Category Archives: Guest Bloggers

Guest Blog: M. Ruth Myers



M. Ruth Myers

A mystery writer has to juggle a few more elements than the regular novelist. Set it in the past, and the writer needs to keep even more in the air to avoid painful goose eggs on the head. Here’s what goes up and how to keep it aloft. (Feel free to blow smoke in my face and tell me my story doesn’t check out. I’ve been grilled before)

Any good novel needs certain basics — plot, pacing, character, dialog – skillfully done and in a balance to keep the reader reading. A mystery, in addition, must have clues and red herrings woven through those basics, sometimes sliding by unnoticed, other times producing an “Ah-hah! I’ll bet I know whodunit!” reaction. Writing a historical mystery calls for an additional set of elements which, like clues, must be worked in without slowing the story.

Some of those elements are ones found in any historical novel. If you’re thinking clothing styles, technology and jargon of the era, as well as actual historical events and personages, give yourself a gold star. Then consider additional ones which are particularly important to a historical MYSTERY where people are followed, eliminating a suspect may hinge on the time required to get from Point A to Point B, detectives interface with police and life-or-death chases are known to occur. For starters:

* Streets. Which have vanished or appeared or changed direction between your time period and the present? Certain types of mystery, such as private eye yarns and noir, characteristically tell the route the detective is taking when following someone or being followed — or thinking through the fastest way to get somewhere. A writer can locate a business or house on a fictitious street, or better still, refer to it as “just off” (fill in name of actual street), but keep it anchored to real places in order to give the historical authenticity readers expect.

* When unincorporated areas around a city were incorporated as separate towns or villages. If a suspect lives there, and your detective is going to follow or question him, best know how to refer to the area. Also, differences in jurisdiction might come into play.   Believe me, someone who has lived in the area or is a history buff will point it out if you slip.

* Changes in locations of government buildings, jails and police stations. Even an amateur sleuth may have occasion to visit such a place, so make sure buildings haven’t wandered.

* Changes in laws and speed limits. Some race cars of the late 1930s, when my Maggie Sullivan series opens, could go 100 mph or more. However the speed limit, even on U.S. highways, was 35 mph in most states.

* The attitudes and world-view of people in your chosen time period. This is far too often violated. It seems to me that writers are especially likely to attribute overly modern attitudes to female characters, presumably to make them more appealing to contemporary readers.

What forensic methods were available at the time? Were they widely used?

You may recall I said this information needs to be threaded through the mystery itself. If you periodically dump in paragraph upon paragraph, you stop the action cold. A historical MYSTERY is first and foremost a mystery. Maintaining pace is crucial.

Here are some ways I’ve approached it.

Tough Cookie, the second Maggie Sullivan mystery, opens with the PI in her office. She’s playing jacks with spare slugs for her .38 because: It beat trudging through slush and ice from Dayton’s last snowfall to spend three cents on the Daily News only to learn Herr Hitler was still bamboozling leaders in Europe. We get a sense of time (which becomes more specific later), of the media of the day, and of prices. Just as a new case walks in.

Later in the same book, as the case is starting to break, she waylays a photographer pal from the evening paper to ask him the fastest route to a town between Dayton and Cincinnati:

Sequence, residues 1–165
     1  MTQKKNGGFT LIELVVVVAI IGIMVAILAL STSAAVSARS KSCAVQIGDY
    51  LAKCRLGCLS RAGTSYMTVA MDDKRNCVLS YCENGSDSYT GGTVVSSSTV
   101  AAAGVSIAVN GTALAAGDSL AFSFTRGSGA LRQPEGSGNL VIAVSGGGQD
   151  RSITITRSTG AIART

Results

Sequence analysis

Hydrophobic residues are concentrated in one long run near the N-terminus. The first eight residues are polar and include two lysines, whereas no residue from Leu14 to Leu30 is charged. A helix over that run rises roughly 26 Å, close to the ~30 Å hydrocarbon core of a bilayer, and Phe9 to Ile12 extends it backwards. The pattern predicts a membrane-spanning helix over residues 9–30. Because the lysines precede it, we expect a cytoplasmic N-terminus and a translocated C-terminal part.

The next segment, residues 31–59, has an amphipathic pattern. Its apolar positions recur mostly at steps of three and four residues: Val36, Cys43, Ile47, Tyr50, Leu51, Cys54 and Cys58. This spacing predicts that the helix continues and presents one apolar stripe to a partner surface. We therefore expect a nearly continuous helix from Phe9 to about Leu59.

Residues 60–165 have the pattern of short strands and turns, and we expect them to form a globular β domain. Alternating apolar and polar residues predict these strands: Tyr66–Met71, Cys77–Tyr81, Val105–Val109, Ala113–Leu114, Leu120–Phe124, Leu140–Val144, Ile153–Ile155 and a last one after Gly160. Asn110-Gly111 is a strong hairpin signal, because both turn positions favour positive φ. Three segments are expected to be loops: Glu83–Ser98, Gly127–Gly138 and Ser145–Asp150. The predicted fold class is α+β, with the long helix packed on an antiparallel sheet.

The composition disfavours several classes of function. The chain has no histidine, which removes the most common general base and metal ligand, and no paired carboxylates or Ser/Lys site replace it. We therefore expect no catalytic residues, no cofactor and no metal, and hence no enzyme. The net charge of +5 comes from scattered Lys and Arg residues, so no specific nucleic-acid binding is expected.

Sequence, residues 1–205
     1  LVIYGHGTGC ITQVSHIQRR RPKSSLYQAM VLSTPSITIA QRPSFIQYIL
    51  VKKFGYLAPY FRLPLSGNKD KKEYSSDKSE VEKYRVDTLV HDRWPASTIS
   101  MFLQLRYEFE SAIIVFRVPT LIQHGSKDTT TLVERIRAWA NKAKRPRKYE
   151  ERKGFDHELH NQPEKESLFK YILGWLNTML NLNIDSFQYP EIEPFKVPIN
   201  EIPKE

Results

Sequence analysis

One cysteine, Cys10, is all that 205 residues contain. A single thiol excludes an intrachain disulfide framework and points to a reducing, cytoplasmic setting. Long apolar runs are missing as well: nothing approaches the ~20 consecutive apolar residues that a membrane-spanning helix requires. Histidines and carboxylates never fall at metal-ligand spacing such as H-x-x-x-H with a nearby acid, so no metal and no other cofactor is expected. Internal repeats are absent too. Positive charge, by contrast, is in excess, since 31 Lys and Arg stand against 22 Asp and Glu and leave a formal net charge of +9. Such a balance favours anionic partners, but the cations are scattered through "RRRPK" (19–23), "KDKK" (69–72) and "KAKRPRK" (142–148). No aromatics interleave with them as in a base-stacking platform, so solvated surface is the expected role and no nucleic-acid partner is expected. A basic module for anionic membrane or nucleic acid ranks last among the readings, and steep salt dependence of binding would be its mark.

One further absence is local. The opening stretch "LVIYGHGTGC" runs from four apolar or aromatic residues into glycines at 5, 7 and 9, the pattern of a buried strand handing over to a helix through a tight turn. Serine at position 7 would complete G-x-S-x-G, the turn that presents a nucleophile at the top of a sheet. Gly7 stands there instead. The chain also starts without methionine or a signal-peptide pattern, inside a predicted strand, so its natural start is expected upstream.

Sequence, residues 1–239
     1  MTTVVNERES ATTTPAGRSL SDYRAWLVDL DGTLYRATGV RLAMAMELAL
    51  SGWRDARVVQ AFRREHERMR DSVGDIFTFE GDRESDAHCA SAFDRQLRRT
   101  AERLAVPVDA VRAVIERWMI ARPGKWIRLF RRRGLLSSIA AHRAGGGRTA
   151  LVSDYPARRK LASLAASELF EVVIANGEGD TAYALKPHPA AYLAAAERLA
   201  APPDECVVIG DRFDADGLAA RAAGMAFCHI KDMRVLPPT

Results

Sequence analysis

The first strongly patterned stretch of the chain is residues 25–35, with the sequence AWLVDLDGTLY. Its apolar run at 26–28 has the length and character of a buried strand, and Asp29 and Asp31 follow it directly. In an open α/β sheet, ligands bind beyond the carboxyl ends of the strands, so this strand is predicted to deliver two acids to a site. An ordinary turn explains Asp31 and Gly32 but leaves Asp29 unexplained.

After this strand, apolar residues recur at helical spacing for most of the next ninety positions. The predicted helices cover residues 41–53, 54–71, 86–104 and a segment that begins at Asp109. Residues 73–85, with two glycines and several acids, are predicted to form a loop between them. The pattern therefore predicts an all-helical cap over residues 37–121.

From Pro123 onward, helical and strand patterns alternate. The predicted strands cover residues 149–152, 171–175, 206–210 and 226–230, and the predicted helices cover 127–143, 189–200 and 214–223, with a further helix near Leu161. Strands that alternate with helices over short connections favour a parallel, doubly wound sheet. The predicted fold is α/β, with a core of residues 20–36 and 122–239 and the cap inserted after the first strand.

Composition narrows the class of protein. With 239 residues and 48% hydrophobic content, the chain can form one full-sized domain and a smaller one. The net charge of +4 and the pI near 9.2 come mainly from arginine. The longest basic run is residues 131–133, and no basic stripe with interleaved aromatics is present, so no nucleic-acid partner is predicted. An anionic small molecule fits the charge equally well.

“Scenic or speed?”


“State route, then. The national’s better in places, but it swings west so far you lose time cutting back over. Speed limit’s thirty-five on both, so there’s nothing to even out the extra distance.”

“It entered my mind I might risk forty if I took the US route.”

“Adds lots of time if you get a ticket. Or blow a gasket.”

It sounded like the voice of experience.

In Don’t Dare a Dame, Maggie wants to call her client to warn her to expect the police: Going back to the office was faster than finding a pay phone.

Historical details need to become mere threads in the mystery itself. What’s the fast food of the detective’s time? What kind of lodgings does he or she have? Does he walk to appointments like Anna Castle’s Tom Clarady? Hire a horse cab like Susanne Alleyn’s Aristide Ravel? Or does she drive a DeSoto like Maggie Sullivan?

If you’re a mystery fan who hasn’t tried any with a historical setting, try some. You might enjoy them. If you favor historical novels, sample a few that are mysteries as well. You might discover new treats. Those of us who write them think the combination is as satisfying as tea and crumpets… or gin and tonic.


Guest Blog: Robert J. Ray

Robert J. Rayweekend novelist

“Keys to a Dramatic Scene”

The key to the dramatic scene is an intruder penetrating a closed circle. In society, we form a closed circle when we have coffee with a friend, or invite people to lunch, or gang up on the schoolyard. There can be violence—a burglar with a Glock Nine breaking down a door—but the intruder can also be an unwelcome wedding guest crashing the party.

A good example in the mystery game is the Sleuth’s Reward Scene in The Body in the Library, by Agatha Christie—the classical mystery used by Jack Remick and me when we wrote The Weekend Novelist Writes a Mystery, for Dell. Sleuth’s Reward is a modular scene. The word “modular” tags a scene that crosses sub-genres. In hard-boiled fiction, the sleuth’s reward is money or a kiss blown by an out-of-reach dame. In a Christie tea-cozy, the Sleuth’s Reward is admitting that the killer should die.

Jack Remick and I honed our scene-writing skills teaching in the screen-writing program at the University of Washington, where we developed tools for quick scene-building. One of those tools appears below, the Scene Profile. There, we display a template for creating your own scene profile.

Example: The Scene


Name: Sleuth’s Reward (The Body in the Library)

Character and Stage: Miss Marple recreates the crime for the last time in Conway Jefferson’s sumptuous suite at the Majestic Hotel.

In attendance: Colonel Melchett, Chief Superintendent Harper, Conway Jefferson, and Sir Henry Clithering.

Closed Circle: Upper World hotel suite.

Intruder: Miss Marple, invited inside because she’s the sleuth who solved the case.

Object onstage: Miss Marple’s best evening gown.

Dialogue‑Monologue: Motive (money, the scarce resource base) and method (knockout drug, strangulation, blow to the head, burning) and luring the victim into the trap.